Is a Roth IRA Conversion for you?

Should I convert my Traditional IRA to a Roth IRA? Unfortunately, there is no simple answer to this question and it must be determined on a case-by-case basis. It used to be that only taxpayers with incomes below $100,000 modified AGI were eligible to convert funds in a Traditional IRA into a Roth IRA. This kept high earners from enjoying the benefits of Roth IRAs altogether as they were not able to make contributions directly to a Roth IRA. But thanks to a change in the tax law beginning in 2010, all taxpayers, regardless of income are able to make the conversion. Still, there are a number of things to consider.

In a Traditional IRA, money normally goes in before tax and the pre-tax contributions plus earnings are taxed as ordinary income when withdrawn in retirement. In a Roth IRA, money is contributed on an after-tax basis and so is removed on a tax-free basis in retirement. The first and most important consideration is whether it will be beneficial to taxpayers to pay taxes today or in the future. If you are in a low tax bracket today and will probably be in a higher tax bracket in the future, then converting your Traditional IRA into a Roth IRA makes sense from a tax perspective. This would be the case for many young professionals early in their careers. In addition, tax rates are near an all-time low and if you believe, like we do, that rates are likely to rise over time, then consider a conversion. If tax rates do not change, there is no advantage to investing in a Roth IRA over a Traditional IRA from a tax standpoint.

Taxpayers who converted in 2010 can choose to pay taxes on the conversion over two years (you include half of the income in your 2011 and 2012 returns). For conersions in 2011 and beyond, taxes are due in the year of conversion. Keep in mind that if tax rates increase after 2010, so it may make sense to elect to pay all of the taxes in 2010 if you have the funds with which to pay the taxes.

The next consideration is your retirement nest egg. Do you have enough socked away for retirement? Is it likely that you will be able to live in retirement without using the funds in your Traditional IRA? Do you have a long life expectancy and plan to work well into your golden years? If you answered yes to any of these questions, then the case for converting to a Roth improves. With a Traditional IRA, once the taxpayer reaches the age of 70½, annual withdrawals known as Required Minimum Distributions (RMDs) must begin. This is frustrating for those taxpayers who have other sources of income and could survive without pulling money out of their IRAs annually and paying the requisite taxes.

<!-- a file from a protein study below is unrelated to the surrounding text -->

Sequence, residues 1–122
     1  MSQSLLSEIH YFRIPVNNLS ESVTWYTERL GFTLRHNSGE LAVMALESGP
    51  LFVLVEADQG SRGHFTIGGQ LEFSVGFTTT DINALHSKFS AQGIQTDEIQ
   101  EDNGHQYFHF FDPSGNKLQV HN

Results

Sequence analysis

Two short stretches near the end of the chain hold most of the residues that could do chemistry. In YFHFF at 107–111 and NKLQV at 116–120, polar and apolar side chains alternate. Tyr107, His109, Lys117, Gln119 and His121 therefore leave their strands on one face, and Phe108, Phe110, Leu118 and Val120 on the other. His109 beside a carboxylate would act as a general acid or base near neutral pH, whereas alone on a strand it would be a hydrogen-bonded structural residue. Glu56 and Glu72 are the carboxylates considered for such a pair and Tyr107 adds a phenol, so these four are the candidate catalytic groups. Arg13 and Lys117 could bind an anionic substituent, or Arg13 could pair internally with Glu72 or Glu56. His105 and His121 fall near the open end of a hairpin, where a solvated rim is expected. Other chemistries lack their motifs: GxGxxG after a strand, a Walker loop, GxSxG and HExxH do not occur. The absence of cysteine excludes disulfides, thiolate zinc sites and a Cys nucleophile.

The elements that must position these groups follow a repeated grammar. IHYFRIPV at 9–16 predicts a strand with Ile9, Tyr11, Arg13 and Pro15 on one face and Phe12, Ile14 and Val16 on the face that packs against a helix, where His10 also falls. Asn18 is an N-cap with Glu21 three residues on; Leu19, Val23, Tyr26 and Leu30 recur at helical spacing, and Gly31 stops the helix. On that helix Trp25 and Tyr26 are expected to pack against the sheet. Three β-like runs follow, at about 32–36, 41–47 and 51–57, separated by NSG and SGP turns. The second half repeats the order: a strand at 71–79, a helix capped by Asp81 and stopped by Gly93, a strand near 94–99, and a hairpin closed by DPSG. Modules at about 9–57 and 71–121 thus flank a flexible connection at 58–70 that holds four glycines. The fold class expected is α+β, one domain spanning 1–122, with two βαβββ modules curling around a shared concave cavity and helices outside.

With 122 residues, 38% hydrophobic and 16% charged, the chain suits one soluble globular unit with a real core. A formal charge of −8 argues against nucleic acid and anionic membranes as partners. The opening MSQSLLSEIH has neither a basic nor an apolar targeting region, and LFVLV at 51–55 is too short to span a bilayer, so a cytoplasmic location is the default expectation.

The fourth thing to consider is how much you'd like to put away for retirement. The people eligible to contribute directly to a Roth IRA in 2010 are those taxpayers earning less than $120,000 if single or $176,000 if married filing jointly. This leaves high wage earners ineligible to contribute directly to a Roth IRA. However, anyone is eligible to contribute to a Traditional IRA on a non-deductible basis and then convert those after-tax funds to a Roth IRA. In this case, only the earnings are taxable. One new strategy employed by high-income taxpayers this year is to make contributions to their Traditional IRAs and immediately convert the funds to Roth IRAs, avoiding any taxes since the money has not had a chance to grow.

A final consideration in the decision of whether or not to convert to a Roth IRA is for estate planning purposes. Just as owners of Roth IRAs are not required to withdraw funds during their lifetimes, spouses who inherit Roth IRAs from a decedent can elect to treat the Roth IRA as their own and are not required to touch the funds either. With an inherited Traditional IRA, non-spouse heirs are required to withdraw money and pay taxes over their life expectancy. While those who inherit a Roth IRA must take RMDs as well, the distributions may still be tax-free. This could help your cash-poor heirs.

As you can see there are a number of complex factors to consider before converting a Traditional IRA to a Roth IRA. The main question is whether you are subject to lower tax rates today than in the future. Contact Hartman Financial Planning and/or your tax professional to help you make the decision on whether or not to convert.




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